The “England Effect” - Thoughts on the long-lost art of the slow weekend

Generally each year before my trip back to see family at Christmas, I find myself seeking out old habits that  my childhood weekends offered. The abundance of opportunities accompanying a Saturday morning, those slow Sundays with coffee and a book, video games with my brothers in the afternoon, watching the football with Dad in the evenings before devouring whatever delicious dinner Mum had cooked up for us, accompanied by a DVD with my brothers in the evening. These are the weekend memories that I find myself craving on either side of our yearly trip back to - you guessed it - England.

Maybe these are glamorizations of my childhood memories, but even so, I remember feeling content in those moments. I think there’s nothing wrong with seeking that childhood contentment again when you can.  And, for me, the slow weekend invites that opportunity.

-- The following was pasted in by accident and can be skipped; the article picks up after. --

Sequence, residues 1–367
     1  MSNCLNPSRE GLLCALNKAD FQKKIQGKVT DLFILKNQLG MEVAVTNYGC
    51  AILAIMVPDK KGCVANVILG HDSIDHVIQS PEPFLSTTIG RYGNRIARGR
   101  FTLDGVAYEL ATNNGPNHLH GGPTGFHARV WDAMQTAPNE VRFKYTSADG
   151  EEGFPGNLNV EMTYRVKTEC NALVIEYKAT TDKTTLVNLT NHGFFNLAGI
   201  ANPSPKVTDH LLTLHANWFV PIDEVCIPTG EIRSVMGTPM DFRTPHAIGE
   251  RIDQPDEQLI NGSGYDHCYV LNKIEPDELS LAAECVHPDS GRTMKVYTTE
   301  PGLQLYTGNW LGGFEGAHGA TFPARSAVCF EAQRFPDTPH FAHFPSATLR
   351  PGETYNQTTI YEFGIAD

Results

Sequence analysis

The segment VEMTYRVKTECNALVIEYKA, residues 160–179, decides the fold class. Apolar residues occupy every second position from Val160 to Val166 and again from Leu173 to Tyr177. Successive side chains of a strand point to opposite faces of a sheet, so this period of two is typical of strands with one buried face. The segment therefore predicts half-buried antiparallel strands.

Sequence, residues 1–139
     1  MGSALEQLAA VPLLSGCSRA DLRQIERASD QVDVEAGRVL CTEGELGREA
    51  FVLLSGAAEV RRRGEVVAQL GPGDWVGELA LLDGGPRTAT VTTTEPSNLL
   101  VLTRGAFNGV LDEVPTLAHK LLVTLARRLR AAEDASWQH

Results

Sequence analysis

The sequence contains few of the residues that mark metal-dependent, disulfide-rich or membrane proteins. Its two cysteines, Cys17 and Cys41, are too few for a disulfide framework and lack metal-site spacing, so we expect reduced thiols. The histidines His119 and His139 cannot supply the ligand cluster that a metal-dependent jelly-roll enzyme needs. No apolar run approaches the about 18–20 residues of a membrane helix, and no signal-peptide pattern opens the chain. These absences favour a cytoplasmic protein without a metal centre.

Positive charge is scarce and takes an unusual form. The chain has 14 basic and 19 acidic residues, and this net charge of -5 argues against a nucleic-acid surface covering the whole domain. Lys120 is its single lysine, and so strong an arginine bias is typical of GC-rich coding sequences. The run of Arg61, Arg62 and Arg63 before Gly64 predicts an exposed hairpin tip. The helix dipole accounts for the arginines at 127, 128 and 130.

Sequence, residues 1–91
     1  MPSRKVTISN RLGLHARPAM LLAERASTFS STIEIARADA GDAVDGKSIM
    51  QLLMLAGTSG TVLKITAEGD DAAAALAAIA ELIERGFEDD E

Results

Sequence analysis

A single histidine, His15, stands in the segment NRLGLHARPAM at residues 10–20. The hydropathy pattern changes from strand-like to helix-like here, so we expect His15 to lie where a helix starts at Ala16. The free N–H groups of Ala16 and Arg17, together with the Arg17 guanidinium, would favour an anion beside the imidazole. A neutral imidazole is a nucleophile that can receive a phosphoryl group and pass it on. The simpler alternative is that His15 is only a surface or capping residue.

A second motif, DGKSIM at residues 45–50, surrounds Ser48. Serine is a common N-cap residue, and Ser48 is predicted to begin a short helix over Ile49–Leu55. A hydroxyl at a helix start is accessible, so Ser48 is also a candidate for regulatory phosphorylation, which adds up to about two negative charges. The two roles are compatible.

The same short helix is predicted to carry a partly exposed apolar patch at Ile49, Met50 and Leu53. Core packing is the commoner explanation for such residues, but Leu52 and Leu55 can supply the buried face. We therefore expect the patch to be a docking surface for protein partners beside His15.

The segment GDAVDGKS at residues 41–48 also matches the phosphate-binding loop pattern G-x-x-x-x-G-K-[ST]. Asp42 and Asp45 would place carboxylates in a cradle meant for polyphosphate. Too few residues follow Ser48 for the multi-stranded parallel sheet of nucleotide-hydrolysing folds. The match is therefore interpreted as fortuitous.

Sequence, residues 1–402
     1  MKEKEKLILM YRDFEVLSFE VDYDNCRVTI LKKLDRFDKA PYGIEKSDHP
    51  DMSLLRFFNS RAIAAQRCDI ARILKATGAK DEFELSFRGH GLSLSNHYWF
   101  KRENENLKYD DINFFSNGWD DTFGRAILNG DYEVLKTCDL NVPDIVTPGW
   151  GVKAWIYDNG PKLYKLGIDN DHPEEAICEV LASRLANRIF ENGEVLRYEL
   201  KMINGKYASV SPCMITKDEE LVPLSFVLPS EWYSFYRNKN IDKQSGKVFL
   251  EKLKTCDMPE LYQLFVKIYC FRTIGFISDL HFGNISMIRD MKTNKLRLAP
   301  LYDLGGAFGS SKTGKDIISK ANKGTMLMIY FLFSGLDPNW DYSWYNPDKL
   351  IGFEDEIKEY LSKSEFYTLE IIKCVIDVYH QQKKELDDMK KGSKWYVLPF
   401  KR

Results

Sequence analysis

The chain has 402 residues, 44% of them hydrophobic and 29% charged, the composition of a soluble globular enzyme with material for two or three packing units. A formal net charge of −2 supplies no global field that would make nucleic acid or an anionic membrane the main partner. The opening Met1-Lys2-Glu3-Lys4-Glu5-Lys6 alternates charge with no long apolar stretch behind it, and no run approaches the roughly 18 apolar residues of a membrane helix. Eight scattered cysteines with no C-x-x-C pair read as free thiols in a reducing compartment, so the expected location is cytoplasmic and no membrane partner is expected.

As we grow up and spend more time adulting - whatever that verb means - it’s important not to forget that weekends hold the same opportunities to reconnect with a slower, less rigid schedule of the working week for most of us. Whilst I have found the slow weekend hard to adopt, especially with unfettered productivity noise we’re all subjected too through social media, but I encourage you to seek out the long-lost art late lunches and lazy afternoons and find comfort in the little things that these precious two days held for most of us.

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